Dustin Sturm (sophomore-DeSales soccer-LCMR) has three goals and two assists for the Bulldogs and was recently named Freedom Conference Player of the Week. David Ackley (junior-DeSales soccer-LCMR) has started eight of DeSales’ nine games. Charles Marriner III (sophomore-DeSales soccer-MTHS) has also played. DeSales travels to Arcadia on Saturday afternoon… Linda Cimini (freshman-Eastern Mennonite field hockey-MTHS) has scored a team-leading four goals and an assist despite only starting three of eight games. The first week she was moved into the starting lineup, she was named Old Dominion Athletic Conference Player of the Week. Katie Cimini (freshman-Eastern Mennonite field hockey-MTHS) has played in five games for the Royals. EMU is at Randolph-Macon on Saturday… Christina Reilly (senior-William Paterson tennis-WCHS) was named Pioneers Athlete of the Week. She earned victories in fifth singles and third doubles in the Pioneers’ 5-4 loss to Baruch. After losing her singles first game 1-6, she rallied to win the second game 6-4, and fought off two match points to win the tiebreaker, 13-11. She also helped earn a team point with an 8-3 doubles win. William Paterson will host TCNJ on Saturday... Markal Ginyard (junior-Kean football-MTHS) has made 27 tackles, second on the team, and returned an interception 32 yards. Kean will host Cortland State on Saturday... Angie Tecco (senior-TCNJ cross country-LCMR) made her cross country debut and finished 15th overall in the New York University Invitational. She then became the rare senior to be named New Jersey Athletic Conference Rookie of the Week. Tecco is an NCAA Division III All-American in the 800 meters. She will run again on Oct. 13 in the University of Wisconsin Invitational... Shane Seabrook (freshman-Millersville soccer-WCHS) scored his first collegiate goal and it was a game-winner over West Chester. The Marauders are now 5-4-1 and Shane has started of the games this season. Millersville is at Kutztown on Saturday afternoon… Joe DiCicco (freshman-Frostburg State soccer-MTHS) has played in three games for the Bobcats, who are 4-5-1 on the season. They will host Hilbert on Saturday afternoon... -- TOM WILLIAMS Return to Story Index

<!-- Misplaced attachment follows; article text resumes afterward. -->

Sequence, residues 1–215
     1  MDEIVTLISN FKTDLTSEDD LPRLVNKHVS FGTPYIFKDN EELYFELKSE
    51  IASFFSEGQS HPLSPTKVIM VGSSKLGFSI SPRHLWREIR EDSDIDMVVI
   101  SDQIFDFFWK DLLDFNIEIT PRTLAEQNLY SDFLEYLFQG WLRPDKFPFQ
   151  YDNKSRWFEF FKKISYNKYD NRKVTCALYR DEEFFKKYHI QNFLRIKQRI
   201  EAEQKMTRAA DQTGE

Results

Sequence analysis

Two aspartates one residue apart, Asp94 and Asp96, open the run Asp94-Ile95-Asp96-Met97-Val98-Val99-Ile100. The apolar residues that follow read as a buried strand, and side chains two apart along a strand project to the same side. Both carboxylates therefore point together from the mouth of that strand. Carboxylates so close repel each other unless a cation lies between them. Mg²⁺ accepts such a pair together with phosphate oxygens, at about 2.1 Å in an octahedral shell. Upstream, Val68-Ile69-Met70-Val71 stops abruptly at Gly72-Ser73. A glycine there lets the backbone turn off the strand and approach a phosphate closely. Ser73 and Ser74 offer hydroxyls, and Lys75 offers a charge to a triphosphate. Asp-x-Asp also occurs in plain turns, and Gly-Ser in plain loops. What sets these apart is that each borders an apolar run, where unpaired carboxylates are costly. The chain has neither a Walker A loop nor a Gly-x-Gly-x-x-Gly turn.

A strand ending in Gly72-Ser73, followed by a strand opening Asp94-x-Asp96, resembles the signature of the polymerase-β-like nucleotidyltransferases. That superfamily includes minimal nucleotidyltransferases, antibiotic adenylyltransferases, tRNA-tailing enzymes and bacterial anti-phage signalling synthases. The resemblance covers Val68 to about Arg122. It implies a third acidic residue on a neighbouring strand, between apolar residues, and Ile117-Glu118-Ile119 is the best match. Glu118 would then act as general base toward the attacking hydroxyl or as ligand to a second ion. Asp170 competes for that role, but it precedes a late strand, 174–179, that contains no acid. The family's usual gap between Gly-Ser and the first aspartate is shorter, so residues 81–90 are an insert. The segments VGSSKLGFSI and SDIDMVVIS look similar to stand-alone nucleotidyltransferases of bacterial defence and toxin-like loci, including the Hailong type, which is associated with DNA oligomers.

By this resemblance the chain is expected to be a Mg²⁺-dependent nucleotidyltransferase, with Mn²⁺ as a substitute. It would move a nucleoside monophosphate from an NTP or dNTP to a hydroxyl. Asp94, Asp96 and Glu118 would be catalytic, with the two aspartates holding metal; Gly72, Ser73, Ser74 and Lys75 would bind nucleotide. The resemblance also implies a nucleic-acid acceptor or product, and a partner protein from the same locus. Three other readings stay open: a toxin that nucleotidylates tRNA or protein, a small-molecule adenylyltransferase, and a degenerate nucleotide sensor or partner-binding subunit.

(Additional information about former CAL athletes may be available at the online blogs of Tom Williams and Brian Cunniff – Any links or information about other former local athletes can be emailed through those blogs)